COLORADO: Promap Corp. is shifting its business model to join the regulated marijuana industry, and the months-old firm, which will soon be called Advanced Cannabis Solutions Inc., has hired Christopher Taylor as its first finance chief.
Colorado Springs, Colo.-based Advanced Cannabis intends to officially change its name next week, and hopes to raise capital in short order, Robert Frichtel, founder and president of the company, told CFO Journal.
Mr. Taylor is no stranger to the pot business. He most recently ran his own accounting firm, which specialized in auditing the books of medical marijuana businesses in Colorado, though he says he isn’t an avid marijuana user himself. He has also worked in the gaming industry for both the Colorado Lottery and Colorado Casino Resorts Inc., according to a news release. These days, he is busy transferring his clients to new accountants so he can focus on Advanced Cannabis.
Mr. Frichtel said the company won’t engage in the production, sale or distribution of marijuana. Instead, it will use hoped-for investment funding to purchase properties where the drug is made or sold, and lease the facilities back to the owners. Mr. Taylor said it is hard for sellers and growers to get lines of credit and loans from banks, who despite legalization in the state worry they will run afoul of drug-money-laundering rules if they even allow marijuana businesses to open a bank account. Through its planned sale-leaseback transactions, the operators can unlock value and operating capital from their businesses, and Advanced Cannabis gets a recurring revenue stream in return, Mr. Frichtel said.
Mr. Frichtel said potential investors have responded positively to the company’s business plan, with one exception. He said one investor recently told him that the company must change its name to remove the link to marijuana, but Mr. Frichtel said he ascribes to the marketing philosophy to “tell people what you do in your name.”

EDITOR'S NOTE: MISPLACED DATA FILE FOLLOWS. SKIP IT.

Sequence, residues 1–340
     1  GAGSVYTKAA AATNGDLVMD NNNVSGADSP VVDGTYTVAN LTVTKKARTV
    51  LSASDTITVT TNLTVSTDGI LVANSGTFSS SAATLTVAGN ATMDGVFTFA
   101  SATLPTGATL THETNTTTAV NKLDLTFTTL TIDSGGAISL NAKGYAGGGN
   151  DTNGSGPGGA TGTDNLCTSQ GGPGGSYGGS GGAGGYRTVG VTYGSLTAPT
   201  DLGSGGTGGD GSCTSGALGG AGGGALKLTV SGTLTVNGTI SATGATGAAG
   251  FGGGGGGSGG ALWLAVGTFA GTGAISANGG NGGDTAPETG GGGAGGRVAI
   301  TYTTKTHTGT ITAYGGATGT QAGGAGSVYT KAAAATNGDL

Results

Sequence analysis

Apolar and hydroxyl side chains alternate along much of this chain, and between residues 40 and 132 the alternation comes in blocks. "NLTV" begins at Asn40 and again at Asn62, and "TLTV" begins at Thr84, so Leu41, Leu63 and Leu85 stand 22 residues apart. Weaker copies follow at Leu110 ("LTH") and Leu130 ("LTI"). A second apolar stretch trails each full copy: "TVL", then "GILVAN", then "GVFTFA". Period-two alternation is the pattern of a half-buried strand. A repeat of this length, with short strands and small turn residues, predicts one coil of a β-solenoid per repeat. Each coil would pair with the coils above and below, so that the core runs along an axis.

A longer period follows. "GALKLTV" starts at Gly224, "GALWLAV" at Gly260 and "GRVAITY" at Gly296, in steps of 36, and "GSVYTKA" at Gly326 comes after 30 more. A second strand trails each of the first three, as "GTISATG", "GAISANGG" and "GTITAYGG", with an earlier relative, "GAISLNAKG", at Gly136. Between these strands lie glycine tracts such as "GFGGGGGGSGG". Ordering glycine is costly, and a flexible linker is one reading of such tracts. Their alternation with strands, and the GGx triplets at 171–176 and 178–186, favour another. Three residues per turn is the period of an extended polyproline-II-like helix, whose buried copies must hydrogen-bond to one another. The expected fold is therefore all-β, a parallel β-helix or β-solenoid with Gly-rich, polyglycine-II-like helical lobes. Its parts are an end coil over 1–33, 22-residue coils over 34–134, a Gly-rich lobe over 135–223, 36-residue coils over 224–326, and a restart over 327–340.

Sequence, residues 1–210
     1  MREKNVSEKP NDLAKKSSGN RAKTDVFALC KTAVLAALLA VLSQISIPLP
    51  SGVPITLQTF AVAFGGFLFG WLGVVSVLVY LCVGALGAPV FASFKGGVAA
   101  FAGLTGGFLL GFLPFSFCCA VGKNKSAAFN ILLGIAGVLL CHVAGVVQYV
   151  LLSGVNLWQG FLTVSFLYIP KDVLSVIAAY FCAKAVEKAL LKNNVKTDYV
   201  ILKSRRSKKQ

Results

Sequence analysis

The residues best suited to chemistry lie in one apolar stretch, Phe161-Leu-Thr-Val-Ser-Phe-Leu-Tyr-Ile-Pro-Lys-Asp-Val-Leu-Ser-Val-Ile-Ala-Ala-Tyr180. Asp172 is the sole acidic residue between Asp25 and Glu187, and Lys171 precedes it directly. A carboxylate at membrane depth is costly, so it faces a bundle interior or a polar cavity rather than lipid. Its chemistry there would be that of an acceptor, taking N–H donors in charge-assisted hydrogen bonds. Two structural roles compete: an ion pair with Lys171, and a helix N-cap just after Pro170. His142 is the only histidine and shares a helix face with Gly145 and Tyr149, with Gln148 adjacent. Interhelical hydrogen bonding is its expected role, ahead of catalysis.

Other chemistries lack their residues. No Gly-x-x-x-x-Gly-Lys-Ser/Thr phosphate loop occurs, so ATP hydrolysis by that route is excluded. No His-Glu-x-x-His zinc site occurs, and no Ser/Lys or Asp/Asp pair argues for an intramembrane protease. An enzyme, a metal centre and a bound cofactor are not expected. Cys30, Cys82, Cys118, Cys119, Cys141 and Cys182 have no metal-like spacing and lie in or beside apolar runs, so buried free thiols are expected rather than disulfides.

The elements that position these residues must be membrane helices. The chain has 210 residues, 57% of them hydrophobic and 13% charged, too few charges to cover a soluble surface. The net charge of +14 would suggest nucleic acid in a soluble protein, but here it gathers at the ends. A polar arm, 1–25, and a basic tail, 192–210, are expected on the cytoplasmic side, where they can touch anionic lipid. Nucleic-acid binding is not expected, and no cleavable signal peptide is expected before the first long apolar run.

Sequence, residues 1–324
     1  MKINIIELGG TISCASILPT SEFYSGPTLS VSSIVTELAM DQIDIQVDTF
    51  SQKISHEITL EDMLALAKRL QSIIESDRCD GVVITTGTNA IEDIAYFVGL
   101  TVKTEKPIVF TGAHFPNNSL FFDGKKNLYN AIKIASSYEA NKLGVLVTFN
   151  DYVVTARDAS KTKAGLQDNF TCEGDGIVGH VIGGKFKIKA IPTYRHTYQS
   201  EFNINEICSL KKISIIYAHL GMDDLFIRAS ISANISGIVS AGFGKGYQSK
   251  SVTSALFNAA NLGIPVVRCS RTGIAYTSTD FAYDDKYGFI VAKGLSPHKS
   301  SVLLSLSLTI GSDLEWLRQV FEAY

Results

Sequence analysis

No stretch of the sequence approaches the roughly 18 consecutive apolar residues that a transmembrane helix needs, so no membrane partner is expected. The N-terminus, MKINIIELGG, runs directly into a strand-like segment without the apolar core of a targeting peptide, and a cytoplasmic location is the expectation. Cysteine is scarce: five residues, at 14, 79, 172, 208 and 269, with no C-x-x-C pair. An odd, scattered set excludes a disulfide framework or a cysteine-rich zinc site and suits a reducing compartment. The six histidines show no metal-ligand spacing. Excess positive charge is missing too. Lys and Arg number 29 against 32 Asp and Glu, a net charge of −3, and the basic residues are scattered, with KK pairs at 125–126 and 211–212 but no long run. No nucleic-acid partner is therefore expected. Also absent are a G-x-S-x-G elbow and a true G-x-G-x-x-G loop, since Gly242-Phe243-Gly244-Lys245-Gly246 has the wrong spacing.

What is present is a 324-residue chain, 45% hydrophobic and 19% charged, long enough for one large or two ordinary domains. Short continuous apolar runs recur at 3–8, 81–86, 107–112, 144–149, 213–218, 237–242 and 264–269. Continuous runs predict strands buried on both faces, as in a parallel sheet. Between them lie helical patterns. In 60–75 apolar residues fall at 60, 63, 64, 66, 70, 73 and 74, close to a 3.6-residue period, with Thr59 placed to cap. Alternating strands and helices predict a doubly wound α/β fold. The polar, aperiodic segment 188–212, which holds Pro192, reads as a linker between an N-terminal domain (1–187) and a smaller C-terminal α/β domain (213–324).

In late August, the Justice Department indicated it won’t prosecute violations of federal marijuana laws in states that have legalized the drug for recreational use. Colorado, which already allows medical marijuana use, will adopt a recreational-use law next year.
Mr. Taylor said he intends for Advanced Cannabis to be a fully reporting company by the time it files its quarterly report for the September period. “I get to design the internal controls,” he said, and added that good disclosure practices can help reduce the stigma of being the product of a reverse merger into a company with very small existing operations selling oil and gas maps to companies in those industries.
Despite having just $2,373 in cash on hand at the end of June and barely $4,000 in sales for the June quarter, the stock soared on news of the reverse merger in mid-August. Its thinly traded stock has more than doubled since the announcement and traded recently at $4.25 apiece, giving the company a market capitalization near $60 million.